Monday, March 10, 2014

The "Humbleness" Of Atheism

Andrew Wagener has an interesting piece explaining atheism that I found interesting enough to post a few of my thoughts. He seems intent on showing how much more humility there is in atheism than religion.
Now frankly, many of us religious folks could take that claim more seriously if atheists didn't go out of their way to question our intelligence from the get-go.

Even Wagener suggests religion "thrives on ignorance," as if there are few scholars or serious thinkers among the religious.

That's just not the case.
How humble is it for atheists to suggest that most of their fellow humans - past and present - are their intellectual inferiors?
Anyway, Wagener writes:
The religious contend that they are the humblest of people because they are as nothing before their god. But if they believe that the allmighty creator of the universe has a relationship with them as individuals, its not very humble,  is it? The atheist on the other hand sees himself as a higher order primate and a total insignificant speck in the context of the cosmos and geological time. That's humility.
But suppose a Divine Intelligence purposed to create intelligent creatures who could respond to and interact with Him/Her/It  and provided an environment for them (something like the poet Keats' "vale of soul-making") that would serve that end - would it not then be the proper thing (and not unhumble at all) to respond to and interact with this Intelligence?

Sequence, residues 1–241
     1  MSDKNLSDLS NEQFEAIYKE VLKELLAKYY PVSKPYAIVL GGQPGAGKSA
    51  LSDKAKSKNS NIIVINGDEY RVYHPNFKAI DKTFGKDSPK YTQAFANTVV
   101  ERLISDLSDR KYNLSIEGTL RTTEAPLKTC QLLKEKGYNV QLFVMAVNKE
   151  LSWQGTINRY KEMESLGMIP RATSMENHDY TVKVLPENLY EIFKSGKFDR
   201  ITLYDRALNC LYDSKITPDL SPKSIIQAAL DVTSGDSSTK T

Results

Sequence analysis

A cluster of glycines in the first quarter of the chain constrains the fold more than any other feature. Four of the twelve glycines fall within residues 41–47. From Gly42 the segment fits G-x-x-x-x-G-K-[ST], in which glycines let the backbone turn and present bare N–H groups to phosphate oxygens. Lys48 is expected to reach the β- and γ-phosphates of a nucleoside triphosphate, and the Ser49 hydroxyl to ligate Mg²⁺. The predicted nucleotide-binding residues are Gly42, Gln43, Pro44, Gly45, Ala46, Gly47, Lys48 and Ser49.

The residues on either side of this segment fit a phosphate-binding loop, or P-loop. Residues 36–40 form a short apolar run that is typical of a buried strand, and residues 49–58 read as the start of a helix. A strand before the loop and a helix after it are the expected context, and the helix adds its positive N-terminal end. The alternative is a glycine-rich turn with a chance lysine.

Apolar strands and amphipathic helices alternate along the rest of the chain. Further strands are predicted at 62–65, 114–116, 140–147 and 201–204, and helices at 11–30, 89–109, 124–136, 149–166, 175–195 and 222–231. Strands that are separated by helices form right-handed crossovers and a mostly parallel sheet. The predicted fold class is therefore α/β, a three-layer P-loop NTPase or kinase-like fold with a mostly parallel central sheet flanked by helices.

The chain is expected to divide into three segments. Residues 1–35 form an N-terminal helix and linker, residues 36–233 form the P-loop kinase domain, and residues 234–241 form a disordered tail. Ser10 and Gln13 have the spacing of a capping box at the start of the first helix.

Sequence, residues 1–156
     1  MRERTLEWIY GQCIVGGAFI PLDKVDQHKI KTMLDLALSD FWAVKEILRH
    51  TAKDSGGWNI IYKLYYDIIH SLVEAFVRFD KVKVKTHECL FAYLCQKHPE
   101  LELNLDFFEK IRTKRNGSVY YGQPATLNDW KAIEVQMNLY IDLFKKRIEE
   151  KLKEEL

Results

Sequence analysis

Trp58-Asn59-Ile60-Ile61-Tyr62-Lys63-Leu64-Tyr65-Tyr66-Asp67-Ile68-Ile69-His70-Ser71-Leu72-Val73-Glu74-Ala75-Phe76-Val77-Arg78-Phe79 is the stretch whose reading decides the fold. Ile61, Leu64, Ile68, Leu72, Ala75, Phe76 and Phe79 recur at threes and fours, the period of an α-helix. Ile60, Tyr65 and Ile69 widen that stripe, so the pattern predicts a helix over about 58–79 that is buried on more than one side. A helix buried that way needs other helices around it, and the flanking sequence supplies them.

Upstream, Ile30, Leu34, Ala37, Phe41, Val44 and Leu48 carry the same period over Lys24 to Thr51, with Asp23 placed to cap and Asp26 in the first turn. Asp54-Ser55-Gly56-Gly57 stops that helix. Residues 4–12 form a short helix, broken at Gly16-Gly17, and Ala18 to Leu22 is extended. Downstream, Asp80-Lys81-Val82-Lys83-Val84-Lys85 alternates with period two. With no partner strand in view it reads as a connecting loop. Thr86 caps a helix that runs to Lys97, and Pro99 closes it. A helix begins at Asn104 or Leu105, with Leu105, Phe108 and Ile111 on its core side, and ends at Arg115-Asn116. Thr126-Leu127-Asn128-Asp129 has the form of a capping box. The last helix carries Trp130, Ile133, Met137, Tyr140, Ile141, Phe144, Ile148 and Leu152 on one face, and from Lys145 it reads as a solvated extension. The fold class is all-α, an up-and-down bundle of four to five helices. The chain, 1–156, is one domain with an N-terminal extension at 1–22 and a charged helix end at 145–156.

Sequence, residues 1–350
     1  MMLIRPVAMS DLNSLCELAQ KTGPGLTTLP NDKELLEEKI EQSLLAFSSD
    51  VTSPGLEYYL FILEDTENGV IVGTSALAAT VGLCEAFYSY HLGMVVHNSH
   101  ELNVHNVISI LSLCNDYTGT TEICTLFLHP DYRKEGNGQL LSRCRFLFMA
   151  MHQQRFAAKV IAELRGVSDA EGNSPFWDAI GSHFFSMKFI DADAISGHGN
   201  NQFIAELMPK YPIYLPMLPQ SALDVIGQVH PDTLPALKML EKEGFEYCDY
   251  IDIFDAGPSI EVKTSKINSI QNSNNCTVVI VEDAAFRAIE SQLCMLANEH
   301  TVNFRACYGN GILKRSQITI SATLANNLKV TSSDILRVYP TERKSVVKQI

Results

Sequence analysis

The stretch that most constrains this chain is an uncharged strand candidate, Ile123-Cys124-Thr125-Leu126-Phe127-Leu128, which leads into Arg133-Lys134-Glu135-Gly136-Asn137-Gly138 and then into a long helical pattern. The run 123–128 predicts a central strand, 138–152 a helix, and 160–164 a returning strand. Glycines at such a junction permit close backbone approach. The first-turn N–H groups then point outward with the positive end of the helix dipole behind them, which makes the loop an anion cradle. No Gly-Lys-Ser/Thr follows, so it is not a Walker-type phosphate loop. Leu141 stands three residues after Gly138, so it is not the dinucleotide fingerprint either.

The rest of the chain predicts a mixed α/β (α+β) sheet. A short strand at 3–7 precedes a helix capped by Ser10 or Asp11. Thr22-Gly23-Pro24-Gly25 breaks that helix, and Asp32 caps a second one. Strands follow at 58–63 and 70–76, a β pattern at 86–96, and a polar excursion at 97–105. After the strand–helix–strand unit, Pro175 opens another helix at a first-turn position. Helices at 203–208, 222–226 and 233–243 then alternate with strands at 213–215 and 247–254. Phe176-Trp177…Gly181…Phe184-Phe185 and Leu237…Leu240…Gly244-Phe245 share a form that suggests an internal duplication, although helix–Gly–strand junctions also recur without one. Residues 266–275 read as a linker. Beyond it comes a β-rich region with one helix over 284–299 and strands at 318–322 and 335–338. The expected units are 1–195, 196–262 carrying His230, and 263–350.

And if (and I do emphasize the if) that were the case, the atheist's claim to be "a total insignificant speck" would then not be humility so much as copping out? 
Wagener goes on in this same vein when he writes:
The good deeds that religions do are to be applauded though. Every soup kitchen and every jersey knitted for a child is wonderful, but the motive is immoral if the idea is to buy timeshare in heaven or gain more converts.  These people will never know the intense satisfaction derived from doing a good deed out of an innate sense of morality and not because it is dictated from outside by some god.
That is an oversimplification atheists seem prone to make - even those who were once religious believers and should know better.  
Religious believers think of that "innate sense of morality" as coming from the moral law written by God on the human heart. Again, responding to that innate sense of morality is right and proper thing to do, 
What God adds to the picture is this: now doing good deeds becomes a matter of duty, rather than something one may choose to do in order to obtain that "intense satisfaction."

I'm not arguing here that the religious worldview is the correct one, just suggesting that in explaining atheism Mr. Wagener has misrepresented religious believers.